A solar eclipse will swoop across the United States on Monday, August 21, causing total darkness to fall across a 70-mile corridor. Long Islanders won't make it into this path of total darkness, but you can still enjoy a celestial show to commemorate this once-in-a-century event.
Solar eclipse viewing on one of Long Island's beaches is a great option, and we've added some local viewing parties where you can see one of nature's rare spectacles with your family. For astronomy enthusiasts of all ages, we've got you covered with stargazing science programs to enjoy year-round.
Before the big day, check out our guide to preparing for the eclipse, including safety measures and viewing times.
Monday, August 21
Great American Solar Eclipse Viewing Parties
Cradle of Aviation Museum — Garden City
The museum will host solar eclipse activities, including hands-on experiments in the science zone. In addition, there will be educators on hand to demonstrate ways to safely view the eclipse and offer visitors a chance to seal memories in a time capsule to be opened in seven years, during the next Long Island eclipse. The Cradle of Aviation is one of the area's premier science destinations, celebrating Long Island's aviation history. Admission is $15 for adults and $13 for children ages 2-12.
Huntington Public Library — Huntington
The library will be offering astronomy crafts as well as a viewing party. No registration is necessary, and attendees will receive a free pair of eclipse shades. FREE
John Jermain Memorial Library — Sag Harbor
The solar eclipse viewing party will be hosted in the library’s garden. Glasses and refreshments will be provided. FREE
Oceanside Library — Oceanside
In addition to games and entertainment for kids, the library will be hosting a viewing party at the Schoolhouse Green. FREE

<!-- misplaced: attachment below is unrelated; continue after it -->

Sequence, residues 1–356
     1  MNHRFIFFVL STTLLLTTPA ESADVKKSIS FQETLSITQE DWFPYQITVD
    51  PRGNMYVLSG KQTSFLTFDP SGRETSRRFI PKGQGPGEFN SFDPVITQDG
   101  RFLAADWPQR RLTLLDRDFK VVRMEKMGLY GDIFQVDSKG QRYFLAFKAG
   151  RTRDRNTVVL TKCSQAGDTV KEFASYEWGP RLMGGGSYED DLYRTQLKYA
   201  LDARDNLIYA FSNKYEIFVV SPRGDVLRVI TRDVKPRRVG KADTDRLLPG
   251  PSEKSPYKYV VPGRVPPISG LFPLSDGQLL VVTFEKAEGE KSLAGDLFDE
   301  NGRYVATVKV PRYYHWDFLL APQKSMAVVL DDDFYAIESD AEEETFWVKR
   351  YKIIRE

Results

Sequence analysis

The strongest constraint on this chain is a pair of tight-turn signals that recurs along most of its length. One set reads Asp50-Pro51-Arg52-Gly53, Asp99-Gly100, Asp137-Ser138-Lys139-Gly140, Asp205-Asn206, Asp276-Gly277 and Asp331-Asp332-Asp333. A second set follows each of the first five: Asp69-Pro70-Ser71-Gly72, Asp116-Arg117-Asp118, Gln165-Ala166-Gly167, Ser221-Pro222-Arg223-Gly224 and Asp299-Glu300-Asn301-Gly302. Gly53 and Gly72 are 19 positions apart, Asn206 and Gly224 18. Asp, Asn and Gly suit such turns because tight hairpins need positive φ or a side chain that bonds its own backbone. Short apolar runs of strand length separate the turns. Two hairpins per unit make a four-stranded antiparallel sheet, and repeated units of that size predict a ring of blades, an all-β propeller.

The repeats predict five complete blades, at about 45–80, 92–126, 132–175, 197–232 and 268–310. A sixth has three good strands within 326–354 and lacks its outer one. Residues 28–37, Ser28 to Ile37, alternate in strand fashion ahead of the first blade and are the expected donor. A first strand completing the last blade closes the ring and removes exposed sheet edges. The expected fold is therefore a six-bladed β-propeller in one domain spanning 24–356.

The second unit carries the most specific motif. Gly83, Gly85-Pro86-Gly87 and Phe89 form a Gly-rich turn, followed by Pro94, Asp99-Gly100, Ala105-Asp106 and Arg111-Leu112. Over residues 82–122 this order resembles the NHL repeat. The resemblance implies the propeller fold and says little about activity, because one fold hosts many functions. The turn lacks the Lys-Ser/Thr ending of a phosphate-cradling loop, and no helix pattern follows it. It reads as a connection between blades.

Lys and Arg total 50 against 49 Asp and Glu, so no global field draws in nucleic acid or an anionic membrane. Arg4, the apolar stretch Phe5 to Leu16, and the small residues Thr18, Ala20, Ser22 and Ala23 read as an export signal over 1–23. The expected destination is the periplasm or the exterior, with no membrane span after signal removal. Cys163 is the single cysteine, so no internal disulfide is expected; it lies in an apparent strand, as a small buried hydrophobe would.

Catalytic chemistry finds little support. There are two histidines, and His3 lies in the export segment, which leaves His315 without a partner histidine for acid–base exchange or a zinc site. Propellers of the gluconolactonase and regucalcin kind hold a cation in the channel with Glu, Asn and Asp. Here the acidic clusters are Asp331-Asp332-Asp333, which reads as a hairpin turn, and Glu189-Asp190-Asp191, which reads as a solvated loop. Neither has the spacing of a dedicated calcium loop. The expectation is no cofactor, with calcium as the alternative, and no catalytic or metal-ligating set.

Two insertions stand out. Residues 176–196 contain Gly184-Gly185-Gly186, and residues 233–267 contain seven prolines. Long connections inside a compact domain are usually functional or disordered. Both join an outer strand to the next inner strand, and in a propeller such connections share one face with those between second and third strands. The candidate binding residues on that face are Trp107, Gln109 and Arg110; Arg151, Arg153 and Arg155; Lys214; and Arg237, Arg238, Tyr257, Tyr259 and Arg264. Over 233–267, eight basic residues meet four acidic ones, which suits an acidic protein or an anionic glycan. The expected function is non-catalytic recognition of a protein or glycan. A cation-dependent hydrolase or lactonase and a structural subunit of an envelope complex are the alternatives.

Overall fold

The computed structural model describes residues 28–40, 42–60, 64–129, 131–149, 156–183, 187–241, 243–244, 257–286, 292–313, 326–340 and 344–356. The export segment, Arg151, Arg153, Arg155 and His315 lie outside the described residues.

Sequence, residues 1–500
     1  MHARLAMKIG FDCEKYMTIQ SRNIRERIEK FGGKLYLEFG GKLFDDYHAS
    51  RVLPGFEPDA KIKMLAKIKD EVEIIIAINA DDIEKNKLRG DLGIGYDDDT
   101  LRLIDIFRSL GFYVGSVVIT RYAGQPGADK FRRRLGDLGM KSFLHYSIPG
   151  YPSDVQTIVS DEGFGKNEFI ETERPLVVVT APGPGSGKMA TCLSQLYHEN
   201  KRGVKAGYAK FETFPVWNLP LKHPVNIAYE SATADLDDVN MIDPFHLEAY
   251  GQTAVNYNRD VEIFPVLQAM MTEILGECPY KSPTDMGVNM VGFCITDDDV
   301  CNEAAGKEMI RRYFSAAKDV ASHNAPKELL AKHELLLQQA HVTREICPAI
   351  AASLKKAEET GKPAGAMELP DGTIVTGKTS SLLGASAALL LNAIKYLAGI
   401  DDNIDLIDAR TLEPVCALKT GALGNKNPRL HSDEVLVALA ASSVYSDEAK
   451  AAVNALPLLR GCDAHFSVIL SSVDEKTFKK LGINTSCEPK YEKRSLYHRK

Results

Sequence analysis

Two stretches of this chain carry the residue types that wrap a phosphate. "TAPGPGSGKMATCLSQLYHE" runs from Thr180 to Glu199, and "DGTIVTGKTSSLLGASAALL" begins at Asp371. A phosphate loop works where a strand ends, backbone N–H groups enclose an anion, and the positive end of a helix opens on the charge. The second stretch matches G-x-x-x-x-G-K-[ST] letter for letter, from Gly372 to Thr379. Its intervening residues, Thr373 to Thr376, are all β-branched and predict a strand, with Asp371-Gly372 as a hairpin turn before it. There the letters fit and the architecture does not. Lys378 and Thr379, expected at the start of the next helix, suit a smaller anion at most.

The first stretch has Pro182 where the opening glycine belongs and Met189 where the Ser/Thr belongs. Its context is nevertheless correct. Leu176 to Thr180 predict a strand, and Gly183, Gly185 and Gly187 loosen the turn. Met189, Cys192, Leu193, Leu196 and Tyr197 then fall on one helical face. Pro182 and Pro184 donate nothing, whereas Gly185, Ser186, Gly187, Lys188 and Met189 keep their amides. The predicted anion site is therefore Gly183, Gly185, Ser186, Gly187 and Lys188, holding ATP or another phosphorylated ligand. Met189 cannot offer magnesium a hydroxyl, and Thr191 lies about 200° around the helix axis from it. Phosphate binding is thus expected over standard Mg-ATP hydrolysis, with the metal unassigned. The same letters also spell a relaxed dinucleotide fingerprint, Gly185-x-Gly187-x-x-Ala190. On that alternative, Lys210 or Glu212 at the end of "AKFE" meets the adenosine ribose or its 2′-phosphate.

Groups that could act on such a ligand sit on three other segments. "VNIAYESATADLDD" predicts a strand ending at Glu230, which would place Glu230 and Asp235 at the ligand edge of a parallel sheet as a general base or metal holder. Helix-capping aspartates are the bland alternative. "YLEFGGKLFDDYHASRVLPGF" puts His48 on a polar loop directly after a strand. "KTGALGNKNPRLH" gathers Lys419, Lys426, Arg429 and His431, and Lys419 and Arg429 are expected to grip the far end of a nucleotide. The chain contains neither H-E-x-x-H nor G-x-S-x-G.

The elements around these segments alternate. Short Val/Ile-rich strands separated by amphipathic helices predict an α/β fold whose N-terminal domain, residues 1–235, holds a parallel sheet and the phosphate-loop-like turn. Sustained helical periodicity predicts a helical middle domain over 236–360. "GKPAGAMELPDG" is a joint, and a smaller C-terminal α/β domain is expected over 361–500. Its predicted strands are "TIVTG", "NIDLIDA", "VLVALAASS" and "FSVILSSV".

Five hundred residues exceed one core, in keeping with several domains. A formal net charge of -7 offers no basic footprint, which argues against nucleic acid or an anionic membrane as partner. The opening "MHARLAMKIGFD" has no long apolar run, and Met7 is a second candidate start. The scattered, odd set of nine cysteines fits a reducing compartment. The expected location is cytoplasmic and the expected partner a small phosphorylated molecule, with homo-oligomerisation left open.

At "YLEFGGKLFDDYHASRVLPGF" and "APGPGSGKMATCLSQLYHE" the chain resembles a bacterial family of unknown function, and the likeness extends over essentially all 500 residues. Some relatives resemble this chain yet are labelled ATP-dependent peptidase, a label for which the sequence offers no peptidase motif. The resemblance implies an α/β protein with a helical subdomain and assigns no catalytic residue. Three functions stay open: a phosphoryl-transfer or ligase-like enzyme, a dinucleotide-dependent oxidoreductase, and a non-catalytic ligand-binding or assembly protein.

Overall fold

Visit the Parrish Art Museum and celebrate this rare celestial event. Photo courtesy of the Parrish Art Museum
Parrish Art Museum — Water Mill
Hosted by Montauk Observatory astronomers, admission to the the art museum is $12 for adults. Children younger than 18 are FREE. Admission includes access to all museum exhibits as well as the eclipse event. Eclipse shades will be distributed and NASA will be live streaming the entire eclipse across America, which will be displayed on a big screen.
South Fork Natural History Museum — Bridgehampton
This rain-or-shine event, also hosted by Montauk Observatory astronomers, promises telescopes that will enable children to safety view the sun. While supplies last, eclipse shades will be distributed. The total solar eclipse will be streaming live from NASA and displayed on a big screen. Guests should bring their own seating.The museum is one of the East End's premier naturalist destinations. FREE for those attending only the eclipse event; for those who would like to visit the museum, admission is $10 for adults, $7.50 for children 3-12, and free for kids younger than 3.
Amateur Observers’ Society of New York — Islandwide
Established in 1965, the Amateur Observers’ Society sponsors stargazing activities at several venues on Long Island, including Jones Beach State Park Nature Center and Robert Moses State Park. The organization also offers stargazing Saturday night at the Susan Rose Observatory in Southold on the grounds of the Custer Institute; a Young Astronomers program at the East Meadow Library; and hosts an Astronomy Day in April at the Cradle of Aviation Museum in Garden City.
Custer Institute & Observatory — Southold
Long Island's oldest public observatory, the Custer Institute was founded in 1927. It houses a number of telescopes of all sizes and descriptions. It is open every Saturday evening from dusk until midnight for lectures, slide shows, and, weather permitting, sky viewing.
Enjoy a celestial show at the Vanderbilt Museum and Planetarium in Centerport.
Vanderbilt Museum and Planetarium — Centerport
This museum offers educational programs for families developed by planetariums in Britain, China, and the United States. Also enjoy Rock ‘n’ Light shows, and sky shows that recreate celestial events on the museum’s 60-foot dome. The rooftop observatory is open every Friday night, weather permitting, where visitors can examine the night sky through the Vanderbilt’s 16-inch reflecting telescope.
Top photo: The Cradle of Aviation Museum hosts a number of eclipse-related events on Monday. Photo courtesy of the museum